By James “Hollywood” Macecari
Many times over the years, especially since I started Insane Throttle and grew in popularity, people have asked what drew me to joining a motorcycle club. It’s a great question, one that has been asked of many people I’m sure. I tend to think this question is most often asked by new riders and regular everyday citizens who are not educated about motorcycle clubs. It comes down to curiosity I suspect, most people dream of riding in a pack side by side and partying till the cows come home. I admit, that’s what I thought about the scene when I came into it at a young age. Looking back, it’s a totally different outlook now that I’m older. It’s kinda surreal when I think about it. When I look back on some of the things I’ve done and went through it makes me laugh, but also makes me regret.
The dream of riding in a pack side by side and the parties came true
The dream of riding in a pack side by side and the parties came true, but the negatives outweigh the good. I think the biggest regrets I’ve had were politics. Politics in the motorcycle club scene is harsh. Clubs may talk about brotherhood, but most of the time it’s not the case. It’s these experiences that always led me to doubt brotherhood. Here I was within a group of so-called brothers, watching most of them tripping over themselves, to jockey for positions or favor. Basically, it became the survival of the fittest. I lived that way for so long being in a street gang that it was disheartening to say the least. Instead of dreams of parties and actual brotherhood, I was actually lucky that my health became shit where I had to leave the club. Sucks to say, but it’s true. The politics were so bad within the club that I no longer had the will to be apart of it anymore.
Another regret that I had was the toll it took on my family. My kids grew up without a father and my wife didn’t have a husband. I was too busy with club stuff and living the life that I forgot about them. It’s funny, the other day I saw a creator talking about, “how clubs don’t interfere with being a father and family life.” I really knew at that point, when hearing that, just how old I’ve grown. It also hit me like a brick, on how much the scene has changed.
I now know how greybeards feel
What I once knew is gone, swept up by evolution I guess. When I went into the club that’s all life was about. The time you spent with the club was a daily thing, time at home was almost non-existent. For disclosure I have to say the intensity depends on the club you are in. Either way a motorcycle club takes up a lot of your life.
Would I do it all over again? Honestly, no! When I reflect back I understand now how much I truly lost. I’m I saying it was the clubs I was with faults? No, not at all. The blame is on me and no one else. I was the one who decided to put the club before family. This point right there is what I try to explain to people when they ask me about clubs. Don’t put club in front of family, no club in the world is worth more than your family. No club in the world is worth missing out on birthdays and holidays. Fortunately, I was able to capture what was left of my kids growing up. What I truly missed though was their younger years, something I wish I could take back all the time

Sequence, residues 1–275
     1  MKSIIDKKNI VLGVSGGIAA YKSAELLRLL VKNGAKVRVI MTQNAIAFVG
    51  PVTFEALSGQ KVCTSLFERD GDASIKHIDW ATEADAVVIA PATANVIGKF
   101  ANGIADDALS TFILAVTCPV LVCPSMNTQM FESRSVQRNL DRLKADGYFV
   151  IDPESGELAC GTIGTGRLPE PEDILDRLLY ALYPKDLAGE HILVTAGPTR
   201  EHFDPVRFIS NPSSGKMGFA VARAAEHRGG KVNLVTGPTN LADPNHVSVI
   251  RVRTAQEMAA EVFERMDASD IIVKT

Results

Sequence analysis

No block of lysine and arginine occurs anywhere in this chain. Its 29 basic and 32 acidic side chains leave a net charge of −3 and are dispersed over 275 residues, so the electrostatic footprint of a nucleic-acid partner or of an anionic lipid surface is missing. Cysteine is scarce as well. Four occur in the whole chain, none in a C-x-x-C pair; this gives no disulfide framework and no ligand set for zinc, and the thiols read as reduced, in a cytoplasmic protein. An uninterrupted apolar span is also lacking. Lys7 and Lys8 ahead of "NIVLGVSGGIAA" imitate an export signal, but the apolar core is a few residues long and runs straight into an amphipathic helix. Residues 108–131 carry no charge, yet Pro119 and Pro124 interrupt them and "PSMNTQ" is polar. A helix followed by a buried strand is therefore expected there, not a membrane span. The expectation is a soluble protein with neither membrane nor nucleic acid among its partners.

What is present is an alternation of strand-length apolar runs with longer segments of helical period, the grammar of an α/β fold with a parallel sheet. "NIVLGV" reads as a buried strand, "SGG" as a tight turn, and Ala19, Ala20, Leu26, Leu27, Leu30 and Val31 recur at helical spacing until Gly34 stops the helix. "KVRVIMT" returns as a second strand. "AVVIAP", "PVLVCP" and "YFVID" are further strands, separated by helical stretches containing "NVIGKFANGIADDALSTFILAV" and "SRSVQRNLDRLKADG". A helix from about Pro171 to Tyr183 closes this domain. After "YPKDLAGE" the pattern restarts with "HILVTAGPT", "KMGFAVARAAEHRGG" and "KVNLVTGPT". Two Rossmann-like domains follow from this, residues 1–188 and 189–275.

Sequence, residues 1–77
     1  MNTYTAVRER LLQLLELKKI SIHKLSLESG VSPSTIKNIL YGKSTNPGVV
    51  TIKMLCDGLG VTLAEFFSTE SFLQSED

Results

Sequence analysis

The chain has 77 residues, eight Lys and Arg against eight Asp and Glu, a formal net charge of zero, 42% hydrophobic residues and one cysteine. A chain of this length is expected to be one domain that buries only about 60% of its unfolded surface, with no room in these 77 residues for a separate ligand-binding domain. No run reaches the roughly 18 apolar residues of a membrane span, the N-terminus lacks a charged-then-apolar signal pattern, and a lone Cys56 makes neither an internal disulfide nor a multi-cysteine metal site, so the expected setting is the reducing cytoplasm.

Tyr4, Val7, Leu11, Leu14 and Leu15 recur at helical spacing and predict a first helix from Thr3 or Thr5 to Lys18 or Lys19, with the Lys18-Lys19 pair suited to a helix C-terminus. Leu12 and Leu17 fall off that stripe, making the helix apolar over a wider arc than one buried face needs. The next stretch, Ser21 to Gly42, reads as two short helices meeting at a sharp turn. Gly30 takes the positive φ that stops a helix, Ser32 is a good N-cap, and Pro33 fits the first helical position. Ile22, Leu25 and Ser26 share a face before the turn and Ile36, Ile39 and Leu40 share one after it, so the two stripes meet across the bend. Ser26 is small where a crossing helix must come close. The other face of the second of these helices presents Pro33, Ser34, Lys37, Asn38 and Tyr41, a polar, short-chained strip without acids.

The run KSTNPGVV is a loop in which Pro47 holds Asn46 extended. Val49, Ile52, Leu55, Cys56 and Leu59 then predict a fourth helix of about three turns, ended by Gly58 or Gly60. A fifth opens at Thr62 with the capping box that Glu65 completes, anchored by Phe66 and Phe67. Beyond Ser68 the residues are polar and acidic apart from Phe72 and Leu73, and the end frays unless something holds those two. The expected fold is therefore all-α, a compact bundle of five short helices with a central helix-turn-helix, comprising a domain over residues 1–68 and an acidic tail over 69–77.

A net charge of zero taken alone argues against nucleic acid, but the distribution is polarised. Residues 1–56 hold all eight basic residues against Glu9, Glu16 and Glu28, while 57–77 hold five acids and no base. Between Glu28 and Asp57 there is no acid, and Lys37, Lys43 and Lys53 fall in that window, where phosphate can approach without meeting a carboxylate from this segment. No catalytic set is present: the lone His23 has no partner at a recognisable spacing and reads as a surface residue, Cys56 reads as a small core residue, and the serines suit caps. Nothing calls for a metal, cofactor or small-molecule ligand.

Was the Colors and image worth it?
I can say with 100% certainty it wasn’t. The experience might have been filled with fun times, but in the end it cost too much. As I said before, join a riding club, something without the responsibility and freedom to do what you want. As much as I hate to say it, club life isn’t freedom. Freedom is doing what you want when you want to do it. Freedom isn’t about being dictated to or committed to any one thing. The best way I can explain a motorcycle club, it’s like having a second job. What’s worse, you’re the one paying out, instead of the one being paid.
I’ve been out of the club life for over 15 years now. One of the things looking back on is how much my health turned to shit. When you see a club I want you to do something, especially if you’re wanting to join a club. Look at some of the guys, many of them will look tired and run down. Some of those guys who look like they are in their 50’s are actually only in their late 30s and early 40’s. This is especially true with official support clubs and 1% clubs. The lifestyle will always kick your ass no matter what people tell you. I learned that lesson the hard way.
I don’t hate motorcycle clubs
Motorcycle Clubs were a big part of my life. Motorcycle clubs have a place in my heart and always will, but it’s also my mission to inform people about the effects they have on a person. Do I ever recommend or has anyone heard me recommend joining a motorcycle club? The answer is no, I’ve never told anyone to join a club. It’s the opposite if you’ve ever seen or heard my work.